"Networking" has become a bit of a dirty word for some people, who perceive it as a purely self-interested act.
That's undoubtedly the way it is for some. However, networking is really just forming connections with others for the professional and personal development of both. Done right, it can be an extremely valuable and high-leverage activity that creates mutual benefit.
For example, at the end of each day, Bill Clinton would make a flashcard for every person that he met, including information about how they met. By 1980, he'd amassed 10,000 flashcards. Those flashcards drove his ability to connect with others, which helped him dramatically in his presidential elections.
Fortunately, you only need an hour a week or so to grow and develop your network. Here are six specific reasons why you should never stop expanding that network, no matter how busy you might be:
1. New perspectives help you take a step back and see the obvious.
The daily grind often slides into such intense levels of focus that you forget to lift your head and look around. This isolation can become a habit if you're not careful -- one that's detrimental to your success.
When you meet new people, engage them in conversation. Talk to them about the personal or professional challenges you are facing. Their questions and responses can provide you with fresh perspectives.
For example, I once spent two weeks struggling to build an automation flow at work. Then, while catching up with an acquaintance, I mentioned my problem. They suggested using a specific tool. I tried it out, and solved the problem within 30 minutes. That's a solution I'd never have found on my own, and all I had to do was mention the challenge to a friend.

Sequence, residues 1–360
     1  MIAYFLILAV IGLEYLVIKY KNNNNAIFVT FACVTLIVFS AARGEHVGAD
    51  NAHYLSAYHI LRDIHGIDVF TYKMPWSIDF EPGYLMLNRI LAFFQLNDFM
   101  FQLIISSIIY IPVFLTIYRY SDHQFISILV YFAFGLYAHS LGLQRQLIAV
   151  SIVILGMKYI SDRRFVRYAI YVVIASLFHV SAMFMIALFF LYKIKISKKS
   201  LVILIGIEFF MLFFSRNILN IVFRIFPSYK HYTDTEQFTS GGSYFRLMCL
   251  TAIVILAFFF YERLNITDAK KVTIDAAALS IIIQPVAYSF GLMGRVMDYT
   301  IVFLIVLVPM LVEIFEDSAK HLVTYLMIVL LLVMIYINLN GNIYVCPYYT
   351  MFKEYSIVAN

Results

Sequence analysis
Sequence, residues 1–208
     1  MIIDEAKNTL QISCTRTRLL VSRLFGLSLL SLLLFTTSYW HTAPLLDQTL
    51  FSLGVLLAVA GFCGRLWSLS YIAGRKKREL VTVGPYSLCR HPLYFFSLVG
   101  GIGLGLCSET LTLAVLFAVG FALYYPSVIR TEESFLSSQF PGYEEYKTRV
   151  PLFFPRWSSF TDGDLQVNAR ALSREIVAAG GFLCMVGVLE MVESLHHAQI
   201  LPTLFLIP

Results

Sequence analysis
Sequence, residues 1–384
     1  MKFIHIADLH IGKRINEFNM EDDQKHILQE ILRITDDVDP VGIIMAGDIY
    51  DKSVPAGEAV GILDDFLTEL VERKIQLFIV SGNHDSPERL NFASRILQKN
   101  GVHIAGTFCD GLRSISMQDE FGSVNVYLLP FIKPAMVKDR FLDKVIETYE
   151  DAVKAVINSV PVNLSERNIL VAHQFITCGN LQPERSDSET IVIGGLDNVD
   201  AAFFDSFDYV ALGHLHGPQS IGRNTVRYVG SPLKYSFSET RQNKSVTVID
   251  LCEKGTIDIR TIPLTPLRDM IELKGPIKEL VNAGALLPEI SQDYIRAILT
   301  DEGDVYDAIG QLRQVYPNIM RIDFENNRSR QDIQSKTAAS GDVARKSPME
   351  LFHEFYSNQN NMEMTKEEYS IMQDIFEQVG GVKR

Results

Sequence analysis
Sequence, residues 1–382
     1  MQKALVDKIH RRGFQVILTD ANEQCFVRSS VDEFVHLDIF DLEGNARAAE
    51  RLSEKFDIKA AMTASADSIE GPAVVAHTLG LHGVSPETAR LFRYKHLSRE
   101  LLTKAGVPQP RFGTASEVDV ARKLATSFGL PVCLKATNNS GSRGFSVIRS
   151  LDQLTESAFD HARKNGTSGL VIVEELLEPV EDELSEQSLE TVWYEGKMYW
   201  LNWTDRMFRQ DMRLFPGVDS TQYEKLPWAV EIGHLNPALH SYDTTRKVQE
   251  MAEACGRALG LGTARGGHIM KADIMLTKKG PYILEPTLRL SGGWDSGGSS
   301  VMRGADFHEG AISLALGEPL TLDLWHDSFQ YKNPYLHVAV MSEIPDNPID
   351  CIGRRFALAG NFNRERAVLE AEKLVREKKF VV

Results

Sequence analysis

2. Networking increases your range of opportunities.
You may love your job and what you do, but how do you know what you don't know? There could be a job that's a much closer fit for your goals, plans and interests. And you might not even know that job exists.
By continuing to network and meet new people, you become exposed to new ideas, professions and opportunities. For instance, just recently I've met people working on trucking regulatory compliance, automation in bankruptcy filing, and customized acne medication sales. The range of problems people are working to solve is endless.
And if you genuinely dislike what you are doing and want to leave, networking is even more critical for you. Networking helps you develop a group of people you can reach out to for both career advice and potential new opportunities.
3. It keeps you asking the right questions about your life and career.
When you network, people will ask you some pretty big questions, and they're questions for which you need answers. Why are you doing what you are doing? What challenges are you facing? What do you envision next for yourself?
Each conversation uses different words, but engaging in those conversations forces you to reflect on your life and decisions. This helps you think more productively and clearly about your goals, your challenges and the way you talk to others about yourself.
4. Networking complements your hard work.
You never know when meeting new people will impact the quality of your work, sometimes deeply. Many times I've happened to mention a hiring need on a networking call, only to get a referral who turns out to be a good fit for my needs.
Even hearing about other people's challenges and how they approach a problem can provide much-needed support for your own struggles. This is especially valuable when you're meeting others in your industry or working in a similar position in a different vertical. You'll learn about new technologies, channels and creative strategies you can then bring to your business.
5. It helps you provide more value to everyone in your life.
Recently I was talking to a friend who was looking for sales help. I had just made a connection with a respected sales consultant, so I was able to connect the two of them.
Making these introductions adds significant value to both parties. I can also attest from first hand experience that it's a gratifying experience for the person making the introductions. It's fulfilling to introduce two people who wouldn't have found each other otherwise, and then go on to improve each other's prospects.
6. It's fun and energizing.
Meeting new people is an intrinsically rewarding experience.
Humans are inherently social creatures. Even though sometimes I'm introverted, I truly enjoy meeting and connecting with new people when I have energy and I'm prepared. It gives me confidence about my own direction and energizes me.
When I'm feeling pessimistic about the world, I'll often chat with a new acquaintance who is passionate about their work. It's hard not to leave at least somewhat reinvigorated.